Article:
Women executives in retail #13: Emma Watkinson, co-founder & CEO, SilkFred.

Emma Watkinson, co-founder & CEO, SilkFred

Women who have reached senior positions in the retail world are (all too) rare, not to mention invisible, which is why we decided to get to know them better by inviting them to tell us about their career paths, the challenges of the past and those of the future.

Q&A with Emma Watkinson, co-founder & CEO, SilkFred.


Can you tell us a little about SilkFred?


SilkFred solves two problems: ‘I have nothing special to wear’ and ‘I want to start a fashion brand but don’t know how’ in one place. Through our online womenswear fashion marketplace, we empower people to both sell their fashion designs online and discover unique fashion. We surface the perfect outfits for social occasions from hundreds of emerging, established and exclusive brands. We have helped hundreds of fashion brands launch and grow their businesses online. It’s so exciting to be working with fashion’s new generation.


What were the key drivers for creating the business?


We saw that there were passionate designers who had great products but no real route to market. There were other marketplaces like eBay and Etsy at the time that were fantastic for second-hand or crafts, but nothing that catered specifically to up and coming fashion brands who wanted to grow a direct to consumer offering.

We also felt that the traditional wholesale model was broken. It was expensive, risky and slow to react to demand. It also meant that new brands didn’t get to test and learn what worked for them and what didn’t. If a collection didn’t do well, they wouldn’t have that real time visibility over customers’ reactions and next season they could be dropped by retailers. 


There was also a lot of over-production, which is a waste and of course puts brands in the uncomfortable position of having to discount a lot to clear through stock. We wanted to provide access and choice to exciting designers at high street prices. Getting dressed up should be fun and easy and we want as many people as possible to be able to access special unique pieces, not just luxury customers who can afford high end brands.


What are the USP’s of the business?


I think for SilkFred, one of core USPs is that we have an ever-evolving treasure trove of fashion – created by not just one design team or buying team, but effectively hundreds of them. 


The fast fashion landscape is currently a land of extremes. Our customers are graduating from fast fashion as they move into their late 20s and they come with expectations of a fuss free, seamless experience. They no longer want mass-produced fashion, they want more sophisticated products that are better quality and more unique. So for us, it’s really about surfacing brands and products our customers get excited about and want to tell their friends about.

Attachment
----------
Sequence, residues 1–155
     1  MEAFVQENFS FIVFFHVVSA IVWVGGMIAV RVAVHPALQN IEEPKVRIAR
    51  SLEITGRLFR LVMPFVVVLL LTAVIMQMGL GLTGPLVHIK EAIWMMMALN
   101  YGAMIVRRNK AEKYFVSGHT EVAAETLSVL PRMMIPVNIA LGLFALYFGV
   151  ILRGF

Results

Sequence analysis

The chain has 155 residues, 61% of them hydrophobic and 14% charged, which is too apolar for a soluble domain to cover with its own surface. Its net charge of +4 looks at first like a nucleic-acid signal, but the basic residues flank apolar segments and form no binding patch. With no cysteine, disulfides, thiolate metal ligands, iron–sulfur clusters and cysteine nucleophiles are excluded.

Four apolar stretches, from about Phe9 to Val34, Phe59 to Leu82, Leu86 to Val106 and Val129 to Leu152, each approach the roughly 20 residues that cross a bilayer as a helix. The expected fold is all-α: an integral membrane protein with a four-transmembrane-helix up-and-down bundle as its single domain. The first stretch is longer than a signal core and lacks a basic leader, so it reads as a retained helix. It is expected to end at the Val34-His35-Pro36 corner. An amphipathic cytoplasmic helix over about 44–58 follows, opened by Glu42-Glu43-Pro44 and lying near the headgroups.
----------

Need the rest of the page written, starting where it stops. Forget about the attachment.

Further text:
Can you share some numbers about the business?


We recently hit the milestone of two million customers which is testament to the community of independent brands and customers we’ve built. In 2011 we didn’t exist and today two million people decided to buy independent fashion. 


The eco-system of SilkFred helps to support hundreds of businesses who in turn employ thousands of people, engage with suppliers who then build-up their businesses too – it’s incredible really and when I think about why we’re here, I think about these things and that responsibility to our community is a driving force.


What are the biggest opportunities?


I believe the biggest opportunities right now for us are in developing our proposition so that anyone can launch and grow a successful fashion brand online, whilst focusing on the aspects they love the most and using technology to make the discovery process faster and more fun. Being customer centric is something that gets thrown around a lot but as a community-powered business, this is what we live every day. We’re always working on creating new ways to shop.


What business challenges have you faced and what elements have you had to adapt?


Too many to list here! But what I would say is this…The challenges are plenty and learning how to react as they present themselves has been one of the toughest learning experiences for me. 


Over 10 years in and in a vastly different place than when we started out, the challenges don’t feel harder or easier, they are just the same. What I think changes is how you manage through them. You learn a little more each time.


I think resilience and commitment are generally undervalued. There are many moments where giving up might look like the path of least resistance. I think massive progress can be made when you can push through difficult times.


I hear this question a lot on podcasts/ interviews etc…how much success do you attribute to luck and how much do you attribute to hard work. I want to add in another factor there – people. So many people have worked to make this happen, have lifted us up, backed us, supported us by telling a friend, and joined our team. Hard work plus luck plus enthusiastic AND great people on the journey.


What excites you most about the future in your role?


Having the opportunity to constantly learn new things and be part of creating something that has value and people love.


What do you think the fashion industry will look like in 10/15 years?


Who knows? It changes so much. From what I’ve seen since I started working in the industry in 2006, I’ve come to the conclusion that it’s literally impossible to predict. Whatever it brings, we’ll be working on making shopping as exciting and fun as possible.